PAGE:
Blurb from Goodreads
What was once the western United States is now home to the Republic, a nation perpetually at war with its neighbors. Born into an elite family in one of the Republic’s wealthiest districts, fifteen-year-old June is a prodigy being groomed for success in the Republic’s highest military circles. Born into the slums, fifteen-year-old Day is the country’s most wanted criminal. But his motives may not be as malicious as they seem.
From very different worlds, June and Day have no reason to cross paths – until the day June’s brother, Metias, is murdered and Day becomes the prime suspect. Caught in the ultimate game of cat and mouse, Day is in a race for his family’s survival, while June seeks to avenge Metias’s death. But in a shocking turn of events, the two uncover the truth of what has really brought them together, and the sinister lengths their country will go to keep its secrets.
Full of nonstop action, suspense, and romance, this novel is sure to move readers as much as it thrills.
Wikipedia: A dystopia (from the Greek δυσ- and τόπος, alternatively, cacotopia, kakotopia, cackotopia, or anti-utopia) is a community or society that is in some important way undesirable or frightening. […] Dystopias are often characterized by dehumanization, totalitarian governments, environmental disaster, or other characteristics associated with a cataclysmic decline in society.
Legend has all of dystopian characterization as stated above, though I haven’t seen real totalitarian governments here since the military takes bigger part, instead of the government. But I think its role can be as the government right hand. So yeah…it really is dystopian. And if I see it through its genre, I can say that I really liked it more than most of YA dystopian books I’ve read. I prefer this book much more than Wither by Lauren DiStefano or Uglies by Scott Westerfeld which I really liked or even other dystopian books that remind me of Legend, Divergent by Veronica Roth, Black City by Elizabeth Richards, Gravity by Melissa West.
However, I can’t say that I really love it, at least not as much as I love The Hunger Games by Suzanne Collins.
1) I prefer reading story from 2 POV. I feel like I can get two different side of the story. This book tells from both June (the heroine) and Day (the hero) POV, but I have to say that I didn’t quite like it. Both of them sound similar to one and another. The way they observe everything, the way they thinking and describe their appearance sound the same. I know it might be because they are both smart, observant and all. But still…
2) I didn’t get the reason why does Republic of America become the way it is (or am I miss something here?). I mean, I need explanation whether it’s because war with other counties or rebellion between the states or else? If it is because of war, who they fight from? And then who the Colonist are? So many questions are in my head now but I haven’t yet got the answer. I assumed it will reveal more in its sequel, though. So I’ll keep those questions in my head for now.
3) As most of readers said it is a full-action story. I agreed with them. It’s fast-paced and has many actions that make my eyes glued to the story. It’s a book that meant to be a movie kind of thing. It’s easy for me to picture the scenes and engage to the story with those action scenes and interesting characters. To be honest, I even have my own Commander Jameson in my head now. Sue Sylvester from Glee series will be a perfect Commander Jameson for me. Yet, most things are predictable. Yes, I got a surprise at the beginning of the story, but it isn’t a surprise really since the blurb has said it. It was surprising me because I didn’t read the blurb before I read the book. I can guess almost of the important things, things that connect to the plot. It was still enjoyable to read, though. Well…I think it was because of those actions scenes.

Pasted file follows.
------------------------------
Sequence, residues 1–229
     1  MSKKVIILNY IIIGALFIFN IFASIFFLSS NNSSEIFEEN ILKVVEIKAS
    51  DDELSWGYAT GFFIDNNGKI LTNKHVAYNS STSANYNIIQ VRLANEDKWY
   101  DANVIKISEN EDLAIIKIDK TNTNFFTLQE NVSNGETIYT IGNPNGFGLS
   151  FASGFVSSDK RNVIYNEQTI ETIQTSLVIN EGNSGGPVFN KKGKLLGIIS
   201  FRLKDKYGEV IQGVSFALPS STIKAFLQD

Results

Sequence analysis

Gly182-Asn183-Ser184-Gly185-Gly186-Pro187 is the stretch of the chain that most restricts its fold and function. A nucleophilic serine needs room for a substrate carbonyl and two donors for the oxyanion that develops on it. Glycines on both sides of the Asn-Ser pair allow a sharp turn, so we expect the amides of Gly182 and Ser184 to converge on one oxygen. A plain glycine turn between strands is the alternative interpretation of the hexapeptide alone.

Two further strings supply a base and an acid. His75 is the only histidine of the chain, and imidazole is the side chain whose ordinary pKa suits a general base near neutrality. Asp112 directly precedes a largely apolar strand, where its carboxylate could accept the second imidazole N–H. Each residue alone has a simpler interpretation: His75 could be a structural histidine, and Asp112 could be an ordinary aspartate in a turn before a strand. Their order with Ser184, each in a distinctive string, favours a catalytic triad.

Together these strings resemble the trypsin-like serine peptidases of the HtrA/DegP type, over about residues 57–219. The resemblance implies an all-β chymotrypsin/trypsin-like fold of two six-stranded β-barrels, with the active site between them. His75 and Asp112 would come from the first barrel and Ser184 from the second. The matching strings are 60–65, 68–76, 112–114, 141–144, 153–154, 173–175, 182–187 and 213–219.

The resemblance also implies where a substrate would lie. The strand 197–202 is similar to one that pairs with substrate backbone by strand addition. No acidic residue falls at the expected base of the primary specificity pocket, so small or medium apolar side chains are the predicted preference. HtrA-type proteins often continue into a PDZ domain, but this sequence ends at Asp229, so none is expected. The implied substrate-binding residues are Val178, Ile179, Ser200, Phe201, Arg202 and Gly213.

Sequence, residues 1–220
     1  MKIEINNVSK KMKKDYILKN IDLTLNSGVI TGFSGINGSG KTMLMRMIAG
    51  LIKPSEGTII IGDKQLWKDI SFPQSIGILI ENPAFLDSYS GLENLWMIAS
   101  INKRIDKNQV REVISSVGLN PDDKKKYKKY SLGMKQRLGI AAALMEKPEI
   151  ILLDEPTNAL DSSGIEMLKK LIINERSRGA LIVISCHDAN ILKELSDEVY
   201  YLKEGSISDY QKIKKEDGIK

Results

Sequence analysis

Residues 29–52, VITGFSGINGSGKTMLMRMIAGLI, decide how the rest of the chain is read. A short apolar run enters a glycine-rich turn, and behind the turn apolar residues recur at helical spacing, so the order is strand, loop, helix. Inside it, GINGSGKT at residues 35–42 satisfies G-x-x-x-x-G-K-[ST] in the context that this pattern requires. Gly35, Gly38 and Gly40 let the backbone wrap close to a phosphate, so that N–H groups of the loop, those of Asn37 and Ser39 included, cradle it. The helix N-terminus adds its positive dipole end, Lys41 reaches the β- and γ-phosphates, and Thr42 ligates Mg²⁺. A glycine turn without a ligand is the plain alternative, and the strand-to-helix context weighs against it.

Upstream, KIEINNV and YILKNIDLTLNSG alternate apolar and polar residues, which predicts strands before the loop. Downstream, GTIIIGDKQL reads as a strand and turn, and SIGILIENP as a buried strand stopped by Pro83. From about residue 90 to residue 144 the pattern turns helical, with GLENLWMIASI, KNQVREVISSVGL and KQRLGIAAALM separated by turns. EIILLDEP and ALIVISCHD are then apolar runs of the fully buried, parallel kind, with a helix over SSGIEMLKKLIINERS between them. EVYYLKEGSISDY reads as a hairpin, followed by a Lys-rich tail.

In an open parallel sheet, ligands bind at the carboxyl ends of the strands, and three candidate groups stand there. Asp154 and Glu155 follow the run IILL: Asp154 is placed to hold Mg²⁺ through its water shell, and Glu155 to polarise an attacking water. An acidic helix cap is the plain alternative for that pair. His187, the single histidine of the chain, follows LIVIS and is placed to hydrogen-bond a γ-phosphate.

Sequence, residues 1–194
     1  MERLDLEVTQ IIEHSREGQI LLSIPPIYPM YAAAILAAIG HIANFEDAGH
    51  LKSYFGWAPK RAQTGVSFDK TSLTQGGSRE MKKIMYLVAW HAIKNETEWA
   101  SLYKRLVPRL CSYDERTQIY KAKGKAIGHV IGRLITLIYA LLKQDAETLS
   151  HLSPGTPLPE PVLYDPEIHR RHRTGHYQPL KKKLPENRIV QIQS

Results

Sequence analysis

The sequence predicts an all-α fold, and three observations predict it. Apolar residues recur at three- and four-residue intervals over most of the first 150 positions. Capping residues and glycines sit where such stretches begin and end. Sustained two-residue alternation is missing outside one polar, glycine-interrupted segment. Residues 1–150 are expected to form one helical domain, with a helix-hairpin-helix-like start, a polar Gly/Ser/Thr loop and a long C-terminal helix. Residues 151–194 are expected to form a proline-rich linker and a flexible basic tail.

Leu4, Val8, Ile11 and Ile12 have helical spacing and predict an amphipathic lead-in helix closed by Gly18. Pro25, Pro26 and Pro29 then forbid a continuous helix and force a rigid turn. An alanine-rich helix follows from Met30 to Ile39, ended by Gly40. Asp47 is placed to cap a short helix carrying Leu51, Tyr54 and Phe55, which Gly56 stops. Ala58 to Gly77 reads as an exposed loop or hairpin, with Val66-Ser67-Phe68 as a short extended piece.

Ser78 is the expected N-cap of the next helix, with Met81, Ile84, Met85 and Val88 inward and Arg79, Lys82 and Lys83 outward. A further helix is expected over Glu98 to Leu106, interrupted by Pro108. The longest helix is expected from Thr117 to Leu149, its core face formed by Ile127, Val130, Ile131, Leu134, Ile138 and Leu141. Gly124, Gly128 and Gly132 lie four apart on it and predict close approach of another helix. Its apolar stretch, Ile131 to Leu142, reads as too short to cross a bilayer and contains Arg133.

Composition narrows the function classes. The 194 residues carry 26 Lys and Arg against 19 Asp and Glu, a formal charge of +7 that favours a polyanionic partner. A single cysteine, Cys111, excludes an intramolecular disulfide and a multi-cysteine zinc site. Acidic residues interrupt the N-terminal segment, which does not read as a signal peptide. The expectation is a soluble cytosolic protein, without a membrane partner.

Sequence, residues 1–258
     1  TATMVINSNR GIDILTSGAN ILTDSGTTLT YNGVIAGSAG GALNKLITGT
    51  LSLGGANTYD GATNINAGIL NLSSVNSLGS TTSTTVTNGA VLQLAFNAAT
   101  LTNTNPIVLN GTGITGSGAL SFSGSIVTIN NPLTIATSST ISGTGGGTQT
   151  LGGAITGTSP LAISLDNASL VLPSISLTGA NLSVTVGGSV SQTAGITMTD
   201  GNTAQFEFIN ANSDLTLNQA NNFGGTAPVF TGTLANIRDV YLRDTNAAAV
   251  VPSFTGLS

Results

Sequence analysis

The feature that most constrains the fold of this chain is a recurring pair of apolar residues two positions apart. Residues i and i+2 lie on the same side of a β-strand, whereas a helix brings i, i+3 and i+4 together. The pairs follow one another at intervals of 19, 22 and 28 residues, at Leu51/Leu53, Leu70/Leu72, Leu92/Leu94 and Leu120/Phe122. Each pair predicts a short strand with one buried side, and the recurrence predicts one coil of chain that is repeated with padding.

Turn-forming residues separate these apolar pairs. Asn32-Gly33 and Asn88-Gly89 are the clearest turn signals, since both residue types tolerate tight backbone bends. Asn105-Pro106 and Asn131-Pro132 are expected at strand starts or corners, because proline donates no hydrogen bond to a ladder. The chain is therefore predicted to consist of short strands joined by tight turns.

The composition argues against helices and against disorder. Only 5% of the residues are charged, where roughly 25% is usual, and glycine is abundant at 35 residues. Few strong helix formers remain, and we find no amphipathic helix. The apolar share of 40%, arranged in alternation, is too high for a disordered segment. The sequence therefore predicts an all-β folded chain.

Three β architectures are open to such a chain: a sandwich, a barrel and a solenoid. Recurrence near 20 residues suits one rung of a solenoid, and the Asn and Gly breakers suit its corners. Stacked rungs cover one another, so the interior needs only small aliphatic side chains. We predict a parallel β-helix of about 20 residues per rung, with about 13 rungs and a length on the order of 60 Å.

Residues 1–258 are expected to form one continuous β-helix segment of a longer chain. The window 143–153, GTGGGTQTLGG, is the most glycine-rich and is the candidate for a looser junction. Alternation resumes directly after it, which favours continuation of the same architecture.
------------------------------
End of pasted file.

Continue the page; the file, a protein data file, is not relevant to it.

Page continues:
4) I have problem to believe that the main characters are only 15 years old. They aren’t even young adult yet. I can understand that they act and think that way because of their condition. I actually can buy Day situation. He tries to survive from his situation, just like Katniss, Tris or David. It is June I didn’t quite buy. At 15 she’s already in top of military ranks. Even if she’s smart enough and has killer skill, how about her emotional and psychological, can her emotion and psychic take strict military order and rules?
5) Just like most of YA books, this book also can’t help to not include the insta-love. June & Day insta-love (or is it an insta-lust?) is quite annoying. Knowing the way they grew up, what they thinking about each other for their whole life, their circumstances, trust-no-one attitude, it’s just kind of odd they throw and forget it all when they see each other eyes for the first time. I liked their relationship enough but at the same time I didn’t buy it either. And speaking of things that I didn’t buy, I was also questioning Day’s mad skill to jump from high level building in very bad injury and his eye resistance toward the surgery.
In the end, I think Legend is more enjoyable than most of YA dystopian books I’ve read but it also still has many plot holes. I just wish the sequels cover all of them. I’m going to read it soon, by the way. Yeah…I can’t wait to read Day and June destroy the Republic.
Result: 3 out of 5 stars